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Communication Project

young aboriginal womanThe Communication Project is an adjunct project that aims to complement the findings of the other Kanyini Component studies: the Vascular Audit, Qualitative (KQS), Polypill and Electronic Decision Support Tool studies. It is funded separately from these studies and the suggested outputs will required additional funding.

The Communication Project will pilot interventions that address key communication needs of Australian indigenous communities using innovative evidence-based methods.

Background

Aboriginal and Torres Strait Islander Australians suffer excessively from premature morbidity and mortality from chronic disease. These are complex illnesses and require multidisciplinary approaches to achieve optimal outcomes. Indigenous patients and caregivers are obliged to negotiate significant barriers in Australian health systems to engage with care and gain access to proven health interventions.

Previous work by our research team has found pervasive miscommunication between users of health services and the providers of their care. Not only is this substantially under-recognised, but it can lead to reduced access to care, negative experiences of care and thus bad health outcomes.

The development of a shared understanding of the illness experience is crucial for health professionals and their patients who come from different social, cultural and linguistic backgrounds. Resources are sorely needed to facilitate this process.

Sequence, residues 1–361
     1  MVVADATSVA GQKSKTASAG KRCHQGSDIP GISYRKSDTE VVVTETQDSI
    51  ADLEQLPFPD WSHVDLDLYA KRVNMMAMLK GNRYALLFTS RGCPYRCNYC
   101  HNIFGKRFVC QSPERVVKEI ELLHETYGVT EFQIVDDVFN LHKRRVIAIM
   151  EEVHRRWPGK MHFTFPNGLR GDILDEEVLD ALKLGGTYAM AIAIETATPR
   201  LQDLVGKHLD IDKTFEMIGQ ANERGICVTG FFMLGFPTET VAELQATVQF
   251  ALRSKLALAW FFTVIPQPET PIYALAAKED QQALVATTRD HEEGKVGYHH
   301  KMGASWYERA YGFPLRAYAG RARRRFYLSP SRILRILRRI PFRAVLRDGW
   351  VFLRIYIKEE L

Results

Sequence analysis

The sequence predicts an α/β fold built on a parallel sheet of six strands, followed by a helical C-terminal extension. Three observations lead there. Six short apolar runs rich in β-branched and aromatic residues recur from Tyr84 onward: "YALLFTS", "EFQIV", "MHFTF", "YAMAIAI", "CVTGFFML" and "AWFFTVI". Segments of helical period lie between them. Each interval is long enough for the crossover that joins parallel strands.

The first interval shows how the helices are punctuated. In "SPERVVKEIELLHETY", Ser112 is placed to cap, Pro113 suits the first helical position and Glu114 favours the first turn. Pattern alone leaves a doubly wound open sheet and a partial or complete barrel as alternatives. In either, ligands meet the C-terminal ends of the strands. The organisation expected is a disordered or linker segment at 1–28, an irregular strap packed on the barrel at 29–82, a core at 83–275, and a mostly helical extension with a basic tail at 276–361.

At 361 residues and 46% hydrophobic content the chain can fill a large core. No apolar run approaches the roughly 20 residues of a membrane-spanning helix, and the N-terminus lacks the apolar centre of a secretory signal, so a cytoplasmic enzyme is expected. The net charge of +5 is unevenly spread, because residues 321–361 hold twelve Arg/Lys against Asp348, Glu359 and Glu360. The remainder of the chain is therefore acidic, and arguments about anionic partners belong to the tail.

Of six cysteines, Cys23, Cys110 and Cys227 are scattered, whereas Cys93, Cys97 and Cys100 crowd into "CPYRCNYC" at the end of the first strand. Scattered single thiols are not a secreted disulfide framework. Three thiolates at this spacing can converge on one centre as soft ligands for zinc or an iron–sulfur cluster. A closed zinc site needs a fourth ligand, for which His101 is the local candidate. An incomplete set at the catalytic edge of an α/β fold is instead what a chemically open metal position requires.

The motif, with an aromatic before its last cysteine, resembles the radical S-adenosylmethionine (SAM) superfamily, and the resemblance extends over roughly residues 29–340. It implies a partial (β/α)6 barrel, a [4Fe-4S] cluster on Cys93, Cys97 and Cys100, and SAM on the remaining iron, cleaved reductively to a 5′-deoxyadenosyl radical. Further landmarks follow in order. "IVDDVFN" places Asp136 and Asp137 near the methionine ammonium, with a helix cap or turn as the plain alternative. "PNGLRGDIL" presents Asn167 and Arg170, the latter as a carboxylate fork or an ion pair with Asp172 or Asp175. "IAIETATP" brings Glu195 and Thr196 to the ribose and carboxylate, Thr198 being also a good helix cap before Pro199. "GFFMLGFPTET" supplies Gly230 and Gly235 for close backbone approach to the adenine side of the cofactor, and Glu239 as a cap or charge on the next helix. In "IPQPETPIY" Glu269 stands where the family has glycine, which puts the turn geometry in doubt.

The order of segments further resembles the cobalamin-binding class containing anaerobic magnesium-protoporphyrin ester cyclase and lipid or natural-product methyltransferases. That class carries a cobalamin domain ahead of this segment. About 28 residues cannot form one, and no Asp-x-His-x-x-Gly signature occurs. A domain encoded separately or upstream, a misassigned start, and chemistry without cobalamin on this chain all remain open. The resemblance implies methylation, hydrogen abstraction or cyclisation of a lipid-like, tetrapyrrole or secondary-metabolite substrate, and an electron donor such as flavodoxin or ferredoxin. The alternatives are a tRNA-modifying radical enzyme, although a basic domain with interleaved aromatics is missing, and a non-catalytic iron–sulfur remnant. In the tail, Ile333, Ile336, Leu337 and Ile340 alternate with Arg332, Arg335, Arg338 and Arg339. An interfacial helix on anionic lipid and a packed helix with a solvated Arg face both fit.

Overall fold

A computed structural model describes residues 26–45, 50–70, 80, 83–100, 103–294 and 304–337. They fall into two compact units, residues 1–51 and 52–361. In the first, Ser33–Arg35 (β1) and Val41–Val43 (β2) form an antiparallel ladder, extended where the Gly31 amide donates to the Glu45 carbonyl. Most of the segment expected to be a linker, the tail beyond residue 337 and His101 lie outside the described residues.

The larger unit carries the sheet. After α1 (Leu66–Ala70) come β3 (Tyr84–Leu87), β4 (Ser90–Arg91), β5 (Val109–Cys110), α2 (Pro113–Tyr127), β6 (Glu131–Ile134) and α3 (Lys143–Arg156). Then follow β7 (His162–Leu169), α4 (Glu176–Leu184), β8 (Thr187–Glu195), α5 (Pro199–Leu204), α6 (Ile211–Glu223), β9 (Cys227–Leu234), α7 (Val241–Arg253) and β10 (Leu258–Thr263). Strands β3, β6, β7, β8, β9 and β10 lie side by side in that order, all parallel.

Design

The Communication Study addresses key communication needs within the framework used by the Qualitative Study. It will be guided closely by the findings of our qualitative study and the work of Research Fellow Suzanne Ingram, whose research draws in specific audience analysis, health promotion tools and applied communication platforms.

Objectives

  1. To understand the communication needs of Indigenous communities which affect their level of knowledge and perceived need to engage with care in the prevention and management of Chronic disease.
  2. Through exploring the Indigenous experience of care including Indigenous participants’ different perspectives on health and wellbeing, illness, and accessing and utilising health services, we hope to provide critical insights into the mechanics of miscommunication in Aboriginal and Torres Strait Islander settings, how it arises and how it affects health outcomes
  3. To analyse current available communication tools regarding prevention in Indigenous Health and to develop interventions/ outcomes that will innovatively address the communication needs of the indigenous communities.

Outcomes

We aim to produce a range of outputs and educational materials about the clinical interactions and personal experiences in the treatment of Aboriginal & Torres Strait Islander patients with chronic disease illness. These outputs might include:

  1. A pilot of a radio series for Indigenous communities to encourage health promotion and engagement with care.
  2. An interactive multimedia website including regularly updated materials such as educator’s guide, featured stories, audio/video extracts and shared commentary pages
  3. A series of peer-reviewed journal articles and articles in Indigenous press.

Research and filming undertaken for the communication project has been incorporated, with appropriate acknowledgement, in the Australian story episode “Mandawuy’s story” broadcast on the ABC on 19 Oct 2009.

For further information regarding this project, please email Professor Alan Cass.